Make us your home page
Instagram

DraftKings, FanDuel back regulations proposed by Mass.

BOSTON — Daily fantasy sports companies DraftKings and FanDuel voiced support Thursday for Massachusetts' approach to regulating their controversial industry as states across the country weigh greater restrictions or outright bans on the games played for money.

Speaking before the Massachusetts Gaming Commission, Zakary Cutler, director of product management for Boston's DraftKings, said regulations proposed by the state's attorney general appear "reasonable" and "pretty thorough."

Stephen Martino, a lawyer for New York's FanDuel, echoed that sentiment, suggesting Massachusetts's approach could be a template for other states to follow.

"They're a good starting point," he said of Healey's proposal. "There's a real commitment that's come from the very top of FanDuel to see the right thing done."

Both companies declined to elaborate on their positions on Massachusetts Attorney General Maura Healey's proposal, saying they'll provide detailed comments ahead of a hearing next month on the plan.

Healey has proposed regulations that would require daily fantasy sports players to be at least 21 years of age, prohibit college sports from the competitions, require stronger player data protections and programs to help problem gamblers, among other requirements.

"What we heard today is that they need to know the rules of the road," Gaming Commission Chairman Stephen Crosby said, following remarks from DraftKings and FanDuel representatives. "So as long as the rules are, in their terms, commercially viable and technologically feasible, they will welcome them. That seems like a perfectly reasonable starting point."

The Massachusetts debate comes as other states have taken more drastic measures.

Nevada, for example, has restricted daily fantasy sports operations in that state to companies that possess a gambling license.

New York's attorney general, meanwhile, has ordered DraftKings and FanDuel to cease operations in the state, a move that the two companies are challenging in court.

At the heart of the debate is whether the games are a form of gambling or sports betting and should be banned or treated like other forms of gambling.

Fantasy sports companies contend a provision in the 2006 federal law that banned online gambling allows them to operate freely in 45 states that don't have specific prohibitions on the contests.

"We firmly believe this is a game of skill that's legal in Massachusetts and should be subject to reasonable regulations," former state Attorney General Martha Coakley, who now serving as legal counsel to DraftKings, said Thursday.

No votes or decisions were expected from the daylong hearing, which included discussion from a range of industry watchers.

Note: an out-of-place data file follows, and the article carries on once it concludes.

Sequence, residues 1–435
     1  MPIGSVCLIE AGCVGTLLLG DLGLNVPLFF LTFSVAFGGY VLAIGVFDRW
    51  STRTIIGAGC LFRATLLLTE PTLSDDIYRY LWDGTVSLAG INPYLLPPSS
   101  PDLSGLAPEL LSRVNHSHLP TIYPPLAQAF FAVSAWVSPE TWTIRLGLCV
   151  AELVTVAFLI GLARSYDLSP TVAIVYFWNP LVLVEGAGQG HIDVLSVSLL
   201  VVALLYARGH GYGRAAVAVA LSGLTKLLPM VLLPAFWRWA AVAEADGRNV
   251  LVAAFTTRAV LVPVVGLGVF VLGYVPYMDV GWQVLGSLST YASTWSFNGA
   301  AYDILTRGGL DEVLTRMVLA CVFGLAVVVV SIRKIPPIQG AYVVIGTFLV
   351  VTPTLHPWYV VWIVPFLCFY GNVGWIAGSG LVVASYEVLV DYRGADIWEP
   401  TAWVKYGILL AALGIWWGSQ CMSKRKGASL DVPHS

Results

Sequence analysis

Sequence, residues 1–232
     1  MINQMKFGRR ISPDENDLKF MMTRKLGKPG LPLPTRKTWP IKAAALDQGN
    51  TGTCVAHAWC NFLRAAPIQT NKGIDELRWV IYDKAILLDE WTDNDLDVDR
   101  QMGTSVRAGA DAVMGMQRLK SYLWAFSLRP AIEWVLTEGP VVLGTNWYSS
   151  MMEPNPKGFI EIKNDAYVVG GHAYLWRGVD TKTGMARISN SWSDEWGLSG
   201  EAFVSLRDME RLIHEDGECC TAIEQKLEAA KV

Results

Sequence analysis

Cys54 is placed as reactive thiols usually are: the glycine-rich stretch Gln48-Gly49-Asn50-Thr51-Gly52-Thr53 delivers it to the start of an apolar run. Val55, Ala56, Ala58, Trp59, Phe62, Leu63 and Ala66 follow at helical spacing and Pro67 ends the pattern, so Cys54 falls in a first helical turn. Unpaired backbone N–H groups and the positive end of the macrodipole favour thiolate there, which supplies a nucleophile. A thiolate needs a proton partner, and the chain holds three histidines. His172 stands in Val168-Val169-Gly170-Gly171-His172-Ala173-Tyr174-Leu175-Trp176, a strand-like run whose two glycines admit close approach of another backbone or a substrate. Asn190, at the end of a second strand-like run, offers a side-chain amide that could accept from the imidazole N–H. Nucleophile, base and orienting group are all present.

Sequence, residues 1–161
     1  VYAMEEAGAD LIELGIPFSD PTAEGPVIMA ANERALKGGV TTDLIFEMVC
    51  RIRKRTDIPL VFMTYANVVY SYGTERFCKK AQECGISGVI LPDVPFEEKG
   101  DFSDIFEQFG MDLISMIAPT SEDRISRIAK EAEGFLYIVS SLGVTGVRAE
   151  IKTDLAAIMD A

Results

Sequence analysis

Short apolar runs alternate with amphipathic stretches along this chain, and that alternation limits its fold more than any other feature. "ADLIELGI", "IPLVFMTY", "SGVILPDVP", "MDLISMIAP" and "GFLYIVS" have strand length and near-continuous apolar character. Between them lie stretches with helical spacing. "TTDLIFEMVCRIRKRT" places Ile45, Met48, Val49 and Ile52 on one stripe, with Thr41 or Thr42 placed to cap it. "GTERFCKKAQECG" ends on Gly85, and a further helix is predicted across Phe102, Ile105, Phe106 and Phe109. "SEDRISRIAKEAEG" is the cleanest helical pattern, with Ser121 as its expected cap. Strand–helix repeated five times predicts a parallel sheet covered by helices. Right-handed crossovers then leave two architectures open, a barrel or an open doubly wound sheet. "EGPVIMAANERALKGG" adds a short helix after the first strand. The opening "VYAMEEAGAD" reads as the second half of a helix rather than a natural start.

The hearing is part of the commission's efforts to develop a policy paper on daily fantasy sports for the consideration for Massachusetts lawmakers and other elected leaders.

DraftKings, FanDuel back regulations proposed by Mass. 12/10/15 [Last modified: Thursday, December 10, 2015 10:17pm]
Photo reprints | Article reprints

Copyright: For copyright information, please check with the distributor of this item, Associated Press.
    

Join the discussion: Click to view comments, add yours

Loading...
  1. Last orca calf born in captivity at a SeaWorld park dies

    Tourism

    ORLANDO — The last killer whale born in captivity under SeaWorld's former orca-breeding program died Monday at the company's San Antonio, Texas, park, SeaWorld said.

    Thet orca Takara helps guide her newborn, Kyara, to the water's surface at SeaWorld San Antonio in San Antonio, Texas, in April. Kyara was the final killer whale born under SeaWorld's former orca-breeding program. The Orlando-based company says 3-month-old Kyara died Monday. [Chris Gotshall/SeaWorld Parks & Entertainment via AP]
  2. Miami woman, 74, admits to voter fraud. Does jail await, or will she go free?

    State Roundup

    MIAMI — An 74-year-old woman pleaded guilty Monday to filling out other people's mail-in ballots while working at Miami-Dade's elections department.

    Gladys Coego
  3. Bigger ships carry Georgia ports to record cargo volumes

    Economic Development

    SAVANNAH, Ga. — Bigger ships arriving through an expanded Panama Canal pushed cargo volumes at Georgia's seaports to record levels in fiscal 2017, the Georgia Ports Authority announced Monday.

    The Port of Savannah moved a record 3.85 million container units in fiscal 2017, the state said, benefiting from the larger ships that can now pass through an expanded Panama Canal.
  4. Dragon ride in Harry Potter section of Universal closing for new themed ride

    Florida

    Universal Orlando announced Monday that it will close Dragon Challenge for a new "highly themed" Harry Potter ride to open in 2019 — sending wizard fans into a guessing game with hopes for a Floo Powder Network or the maze from the Triwizard Tournament.

    Universal Orlando announced Monday that it will close Dragon Challenge on Sept. 5 for a new "highly themed" Harry Potter ride to open in 2019. The ride, originally the Dueling Dragons roller coaster, was renamed and incorporated into the Wizarding World of Harry Potter when the hugely popular area opened in 2010.
  5. Would you let your company implant a chip in you?

    Working Life

    Would you ask an employee to get a chip implanted in her hand? Sounds invasive and intrusive. But come Aug. 1, one company in Wisconsin will be giving it a try.

    Three Square Market - a developer of software used in vending machines - is offering all of its employees the option to get a microchip implanted between the thumb and forefinger. [Photo from video]